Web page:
An NYPD officer shot while sitting in a police vehicle in the Bronx has died, authorities said early Wednesday.
The slain officer was identified as Miosotis Familia, 48, a 12-year veteran of the police force. She was assigned to the 46th Precinct.
Two cops gunned down Familia’s alleged assailant during an exchange of fire after he blasted the mobile command post parked near E. 183rd St. and Creston Ave. around 12:30 a.m., according to police sources and Commissioner James O’Neill.
Surveillance footage shows the suspected 34-year-old shooter marching toward the command post “with purpose,” the source said.
O’Neill said the gunman fired one round, striking Familia in the head as she was wrapping up her shift in the Fordham Heights neighborhood.
The cop’s partner frantically screamed into his police radio for help.
“Shots fired!” the officer can be heard shouting moments after the gunfire rang out.
“I need a f—–g bus! 10-85 10-85! My partner’s shot! My partner’s shot! My partner’s shot! Hurry up central!”
Familia was critically wounded and rushed to St. Barnabas Hospital, where she died. A line of police saluted the fallen officer outside the hospital as she was escorted to the medical examiner.
A police source said another officer was also treated at the hospital for trauma.
“It is obvious this was an unprovoked attack on police officers,” Commissioner O’Neill said during the press briefing around 3:30 a.m. at St. Barnabas Hospital.
Familia died minutes after police brass addressed reporters at around 3:30 a.m., the source said.
Police stationed outside the slain officer’s home south of Van Cortlandt Park told two men that Familia had been killed.
“What happened,” one of the men cried, falling into the other’s arms. “How could this happen?”
Officers with an NYPD anti-crime unit flocked to her partner’s distress call, confronting the fleeing gunman a block from the shooting on Morris Ave. He brandished a silver revolver and police opened fire, killing him, O’Neill said.
He was identified as Alexander Bonds, whose criminal rap sheet includes an assault on a police officer with brass knuckles, a source said.
“Let’s be clear. This was nothing less than an assassination of a police officer. Our understanding is she was filling out her memo book and he walked out and fired one round,” the source said.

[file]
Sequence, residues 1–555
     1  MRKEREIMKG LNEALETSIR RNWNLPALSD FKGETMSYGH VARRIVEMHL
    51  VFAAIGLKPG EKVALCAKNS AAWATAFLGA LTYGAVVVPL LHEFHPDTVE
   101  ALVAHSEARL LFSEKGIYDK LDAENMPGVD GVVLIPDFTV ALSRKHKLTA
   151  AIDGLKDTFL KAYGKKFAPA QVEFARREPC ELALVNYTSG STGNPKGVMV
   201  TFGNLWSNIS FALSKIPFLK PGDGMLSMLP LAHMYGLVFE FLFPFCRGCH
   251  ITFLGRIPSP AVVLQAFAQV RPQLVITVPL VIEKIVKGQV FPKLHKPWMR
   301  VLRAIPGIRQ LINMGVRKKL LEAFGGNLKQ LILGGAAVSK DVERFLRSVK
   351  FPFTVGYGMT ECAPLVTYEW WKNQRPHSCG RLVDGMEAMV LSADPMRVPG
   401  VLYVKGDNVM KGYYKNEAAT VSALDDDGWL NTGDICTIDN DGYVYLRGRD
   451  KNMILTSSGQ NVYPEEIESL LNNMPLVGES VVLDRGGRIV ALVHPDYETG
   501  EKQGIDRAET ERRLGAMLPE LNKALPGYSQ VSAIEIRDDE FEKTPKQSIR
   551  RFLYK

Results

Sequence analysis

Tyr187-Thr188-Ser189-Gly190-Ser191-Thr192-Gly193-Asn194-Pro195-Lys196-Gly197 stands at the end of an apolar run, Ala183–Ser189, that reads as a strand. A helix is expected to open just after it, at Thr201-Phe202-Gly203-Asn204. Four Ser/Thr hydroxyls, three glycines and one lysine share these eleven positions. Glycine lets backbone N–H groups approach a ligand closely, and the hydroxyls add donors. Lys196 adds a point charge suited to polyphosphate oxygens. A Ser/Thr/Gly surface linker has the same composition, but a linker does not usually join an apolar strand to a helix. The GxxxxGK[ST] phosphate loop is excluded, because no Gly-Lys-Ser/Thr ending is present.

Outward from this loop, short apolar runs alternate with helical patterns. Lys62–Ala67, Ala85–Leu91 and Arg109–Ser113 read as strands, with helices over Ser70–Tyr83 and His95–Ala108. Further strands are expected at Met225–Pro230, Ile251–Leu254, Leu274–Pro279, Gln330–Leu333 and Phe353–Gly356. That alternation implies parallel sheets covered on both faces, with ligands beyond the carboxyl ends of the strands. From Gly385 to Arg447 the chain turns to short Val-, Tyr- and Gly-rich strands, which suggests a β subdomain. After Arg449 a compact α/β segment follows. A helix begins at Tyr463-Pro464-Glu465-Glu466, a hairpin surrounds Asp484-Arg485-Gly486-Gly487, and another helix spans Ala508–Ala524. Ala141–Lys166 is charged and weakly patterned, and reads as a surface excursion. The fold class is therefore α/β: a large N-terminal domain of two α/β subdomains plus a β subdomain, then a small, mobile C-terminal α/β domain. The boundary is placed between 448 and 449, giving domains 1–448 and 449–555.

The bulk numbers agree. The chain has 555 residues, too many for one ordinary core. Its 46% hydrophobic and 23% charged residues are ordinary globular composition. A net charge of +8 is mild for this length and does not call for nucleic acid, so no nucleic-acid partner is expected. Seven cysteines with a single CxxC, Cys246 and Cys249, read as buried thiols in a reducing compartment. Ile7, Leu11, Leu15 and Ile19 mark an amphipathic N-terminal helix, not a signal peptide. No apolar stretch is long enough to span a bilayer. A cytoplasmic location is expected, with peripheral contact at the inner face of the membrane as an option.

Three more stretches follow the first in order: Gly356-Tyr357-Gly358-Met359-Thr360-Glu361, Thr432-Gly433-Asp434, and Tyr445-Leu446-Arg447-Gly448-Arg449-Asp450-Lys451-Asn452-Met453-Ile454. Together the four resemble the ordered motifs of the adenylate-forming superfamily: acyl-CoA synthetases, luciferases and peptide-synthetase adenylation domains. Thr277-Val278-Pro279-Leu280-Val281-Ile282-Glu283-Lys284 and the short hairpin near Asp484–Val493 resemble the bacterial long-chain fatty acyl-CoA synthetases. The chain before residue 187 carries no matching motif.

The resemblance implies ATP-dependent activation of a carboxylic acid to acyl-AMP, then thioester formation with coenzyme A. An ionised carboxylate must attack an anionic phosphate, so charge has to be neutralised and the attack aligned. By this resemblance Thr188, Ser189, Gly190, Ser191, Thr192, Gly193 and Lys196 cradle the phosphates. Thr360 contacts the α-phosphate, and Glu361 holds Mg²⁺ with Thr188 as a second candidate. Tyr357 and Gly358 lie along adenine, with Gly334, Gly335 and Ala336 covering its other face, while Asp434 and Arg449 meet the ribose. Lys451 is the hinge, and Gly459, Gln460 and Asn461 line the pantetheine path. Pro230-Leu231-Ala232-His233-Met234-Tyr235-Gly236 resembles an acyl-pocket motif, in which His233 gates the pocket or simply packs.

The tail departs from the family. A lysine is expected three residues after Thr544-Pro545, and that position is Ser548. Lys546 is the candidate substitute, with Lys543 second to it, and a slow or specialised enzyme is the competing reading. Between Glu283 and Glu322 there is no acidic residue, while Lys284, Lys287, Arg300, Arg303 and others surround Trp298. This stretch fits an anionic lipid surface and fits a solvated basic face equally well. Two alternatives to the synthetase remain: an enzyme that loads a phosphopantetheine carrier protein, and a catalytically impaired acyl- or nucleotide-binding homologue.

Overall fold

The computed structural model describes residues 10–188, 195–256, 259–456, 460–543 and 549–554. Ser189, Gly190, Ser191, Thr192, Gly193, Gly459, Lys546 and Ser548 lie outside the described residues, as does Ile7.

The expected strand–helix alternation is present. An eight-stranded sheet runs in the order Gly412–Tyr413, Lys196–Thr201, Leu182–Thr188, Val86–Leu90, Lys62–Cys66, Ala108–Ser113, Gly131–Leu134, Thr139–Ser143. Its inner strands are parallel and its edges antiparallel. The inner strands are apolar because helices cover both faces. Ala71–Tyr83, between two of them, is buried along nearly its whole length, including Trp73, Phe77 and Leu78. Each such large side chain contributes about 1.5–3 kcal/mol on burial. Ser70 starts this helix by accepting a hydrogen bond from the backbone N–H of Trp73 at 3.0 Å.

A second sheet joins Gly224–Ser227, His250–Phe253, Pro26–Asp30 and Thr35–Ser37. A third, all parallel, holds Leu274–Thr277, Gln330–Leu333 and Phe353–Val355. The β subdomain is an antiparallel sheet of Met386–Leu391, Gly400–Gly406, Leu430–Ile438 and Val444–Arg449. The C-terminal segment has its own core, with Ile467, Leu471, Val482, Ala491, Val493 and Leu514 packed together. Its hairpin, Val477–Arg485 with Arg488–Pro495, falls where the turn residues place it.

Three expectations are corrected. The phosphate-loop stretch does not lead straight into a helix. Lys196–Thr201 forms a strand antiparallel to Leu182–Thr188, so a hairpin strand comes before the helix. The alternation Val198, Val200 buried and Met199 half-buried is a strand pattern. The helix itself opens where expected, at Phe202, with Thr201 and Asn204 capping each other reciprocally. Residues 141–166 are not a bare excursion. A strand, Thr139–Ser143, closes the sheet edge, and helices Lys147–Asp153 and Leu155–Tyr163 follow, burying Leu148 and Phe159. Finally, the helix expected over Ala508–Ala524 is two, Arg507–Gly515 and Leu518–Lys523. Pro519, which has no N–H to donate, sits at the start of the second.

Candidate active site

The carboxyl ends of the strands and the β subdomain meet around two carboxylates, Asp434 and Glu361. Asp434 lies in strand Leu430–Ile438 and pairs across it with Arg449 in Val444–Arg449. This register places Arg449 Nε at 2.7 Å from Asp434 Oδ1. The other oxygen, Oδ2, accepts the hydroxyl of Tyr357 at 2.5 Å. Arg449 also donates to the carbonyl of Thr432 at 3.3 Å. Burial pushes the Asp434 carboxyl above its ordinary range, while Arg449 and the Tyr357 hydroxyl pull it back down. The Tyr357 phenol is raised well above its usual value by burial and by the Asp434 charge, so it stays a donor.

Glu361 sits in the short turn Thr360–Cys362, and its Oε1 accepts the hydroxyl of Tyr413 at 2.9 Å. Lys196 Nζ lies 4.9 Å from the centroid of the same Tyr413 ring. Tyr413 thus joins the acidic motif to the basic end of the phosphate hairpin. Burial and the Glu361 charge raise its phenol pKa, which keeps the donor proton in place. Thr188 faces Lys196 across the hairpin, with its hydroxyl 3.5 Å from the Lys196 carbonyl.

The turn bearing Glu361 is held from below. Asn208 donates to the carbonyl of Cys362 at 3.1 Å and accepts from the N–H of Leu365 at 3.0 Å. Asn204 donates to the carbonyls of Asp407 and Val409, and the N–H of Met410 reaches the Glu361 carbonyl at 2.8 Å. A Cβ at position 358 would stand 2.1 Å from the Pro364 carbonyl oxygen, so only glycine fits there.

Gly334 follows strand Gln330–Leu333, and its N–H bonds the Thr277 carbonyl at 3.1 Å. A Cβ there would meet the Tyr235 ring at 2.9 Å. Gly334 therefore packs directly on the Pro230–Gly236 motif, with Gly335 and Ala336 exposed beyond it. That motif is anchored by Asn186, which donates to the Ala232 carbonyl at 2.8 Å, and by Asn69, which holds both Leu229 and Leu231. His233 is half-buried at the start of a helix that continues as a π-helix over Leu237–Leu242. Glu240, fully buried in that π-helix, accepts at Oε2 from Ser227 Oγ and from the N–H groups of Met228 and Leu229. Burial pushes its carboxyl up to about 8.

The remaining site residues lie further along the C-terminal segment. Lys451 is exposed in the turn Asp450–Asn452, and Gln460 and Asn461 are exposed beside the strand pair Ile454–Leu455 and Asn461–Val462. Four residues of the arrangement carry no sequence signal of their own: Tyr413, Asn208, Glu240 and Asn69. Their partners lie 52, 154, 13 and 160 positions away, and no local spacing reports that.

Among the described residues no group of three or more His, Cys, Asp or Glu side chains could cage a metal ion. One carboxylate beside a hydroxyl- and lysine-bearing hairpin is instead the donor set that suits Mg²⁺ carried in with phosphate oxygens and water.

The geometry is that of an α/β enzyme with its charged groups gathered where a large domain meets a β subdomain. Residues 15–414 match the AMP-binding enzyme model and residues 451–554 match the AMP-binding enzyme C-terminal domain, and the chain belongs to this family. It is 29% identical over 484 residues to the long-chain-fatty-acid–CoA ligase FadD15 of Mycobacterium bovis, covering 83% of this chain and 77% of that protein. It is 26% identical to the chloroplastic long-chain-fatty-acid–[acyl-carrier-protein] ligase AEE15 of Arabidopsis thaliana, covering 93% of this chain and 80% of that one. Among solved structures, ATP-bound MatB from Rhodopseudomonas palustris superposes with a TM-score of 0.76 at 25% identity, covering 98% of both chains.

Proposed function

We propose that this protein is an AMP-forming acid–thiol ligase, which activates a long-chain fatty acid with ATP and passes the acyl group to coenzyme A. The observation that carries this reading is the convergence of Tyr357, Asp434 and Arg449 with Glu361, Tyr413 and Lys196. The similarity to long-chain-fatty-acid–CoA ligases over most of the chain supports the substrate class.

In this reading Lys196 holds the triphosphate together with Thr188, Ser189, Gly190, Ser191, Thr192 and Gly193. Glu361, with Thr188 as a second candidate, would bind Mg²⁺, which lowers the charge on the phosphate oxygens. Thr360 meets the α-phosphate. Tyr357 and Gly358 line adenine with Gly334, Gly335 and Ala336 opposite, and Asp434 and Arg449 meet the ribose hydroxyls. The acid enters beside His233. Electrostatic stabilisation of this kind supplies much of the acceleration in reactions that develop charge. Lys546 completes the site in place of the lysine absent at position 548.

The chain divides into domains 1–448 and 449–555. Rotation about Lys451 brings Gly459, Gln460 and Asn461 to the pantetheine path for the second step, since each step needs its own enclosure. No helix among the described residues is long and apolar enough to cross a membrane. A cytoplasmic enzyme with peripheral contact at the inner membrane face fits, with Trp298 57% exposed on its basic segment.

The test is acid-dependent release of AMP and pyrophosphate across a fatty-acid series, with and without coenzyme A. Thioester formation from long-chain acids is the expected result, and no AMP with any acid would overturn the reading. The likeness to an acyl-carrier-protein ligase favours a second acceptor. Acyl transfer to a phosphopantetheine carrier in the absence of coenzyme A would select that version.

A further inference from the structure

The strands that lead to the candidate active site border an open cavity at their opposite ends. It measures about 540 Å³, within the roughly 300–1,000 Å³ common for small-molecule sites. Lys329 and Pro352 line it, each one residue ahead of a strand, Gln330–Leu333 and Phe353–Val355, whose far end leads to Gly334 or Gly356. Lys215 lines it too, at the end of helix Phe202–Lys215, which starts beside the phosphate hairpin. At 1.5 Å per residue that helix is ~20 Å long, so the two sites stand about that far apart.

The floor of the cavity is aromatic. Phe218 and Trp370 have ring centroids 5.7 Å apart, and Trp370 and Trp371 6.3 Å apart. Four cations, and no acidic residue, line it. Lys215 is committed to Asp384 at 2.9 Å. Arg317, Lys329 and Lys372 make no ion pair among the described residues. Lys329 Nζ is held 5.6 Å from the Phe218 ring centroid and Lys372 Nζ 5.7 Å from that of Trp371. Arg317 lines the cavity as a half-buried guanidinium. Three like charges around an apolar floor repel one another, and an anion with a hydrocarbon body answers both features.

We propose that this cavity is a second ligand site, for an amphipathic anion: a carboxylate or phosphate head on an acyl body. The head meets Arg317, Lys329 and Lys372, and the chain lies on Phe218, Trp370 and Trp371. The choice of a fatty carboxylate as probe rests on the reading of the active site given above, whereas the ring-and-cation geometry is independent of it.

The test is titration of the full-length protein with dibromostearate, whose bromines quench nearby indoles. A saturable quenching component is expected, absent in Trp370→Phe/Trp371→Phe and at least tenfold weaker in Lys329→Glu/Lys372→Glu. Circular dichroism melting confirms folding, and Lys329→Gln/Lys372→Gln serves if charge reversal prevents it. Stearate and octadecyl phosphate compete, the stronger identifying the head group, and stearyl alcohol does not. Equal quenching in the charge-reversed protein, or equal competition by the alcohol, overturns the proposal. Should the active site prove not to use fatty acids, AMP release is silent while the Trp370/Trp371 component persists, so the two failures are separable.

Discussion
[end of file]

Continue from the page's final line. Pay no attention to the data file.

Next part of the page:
The source said Bonds, who boasts up to six different aliases, recently spoke critically of law enforcement on an unspecified social media site. He said police in Oakland, Calif., were wrong to stop a child riding a bicycle.
An innocent bystander standing next to Bonds was shot in the stomach during the deadly confrontation with police but is in stable condition, police said.
Police said it was not known whose gunfire hit the bystander, who has no connection to the suspect.
Witness Jay Marzelli thought the shots were fireworks at first.
“I was in this bodega right here on Creston, just getting a sandwich and all of a sudden there was all this running and stuff going on and I look out probably 40, 50, 60 cops screaming, ‘Call a paramedic, clear the block!’ ” he said.
“It looked like there was a riot going on and two seconds later I hear gunshots, ‘bam, bam’ and then the police officer was just laying there in front of the stationary precinct – right here on Creston.”
Hundreds of heavily armed police officers were on the streets surrounding the scene into the early morning hours.
Fireworks periodically lit up the night sky as residents of the Fordham Heights neighborhood continued to celebrate the Fourth of July, undeterred by the massive police presence.
“The city was celebrating our Independence Day. One of those days we look forward to each year. The NYPD did an extraordinary job keeping our city safe … and tragedy struck,” Mayor de Blasio said, starting off the press conference just before 3:30 a.m.
The reports of the pyrotechnics rattled off apartment buildings as NYPD police helicopters circled overhead, their spotlights trained on the area.
Streets were shut down for blocks in all directions.
The late night holiday shooting was eerily similar to the assassination of two officers as they sat in their marked police car on a street in Brooklyn in December 2014.
Officers Wenjian Liu and Rafael Ramos were targeted by a gunman who had posted anti-police messages on his social media feeds in the days before the shooting, officials said at the time.
Police Commissioner James O’Neill is scheduled to conduct a media briefing at St. Barnabas, where cops have about four full blocks closed off on 3rd Ave., only allowing police vehicles to pass.
“I was driving up 183rd here and cops started running up to me in a hurry screaming back up back up, we drove back in reverse about three blocks,” said Ernesto Martinez Jr. 31, who lives in the neighborhood. “I ran over to the hospital, when I got this way cops started flooding in, man, they’ve just been coming and coming.”
The officer was shot less than two miles away from where Sgt. Paul Tuozzolo was fatally shot by an armed ex-con in November.
A second cop, Sgt. Emmanuel Kwo, suffered a graze wound, but survived that shooting.
With Liz Keogh
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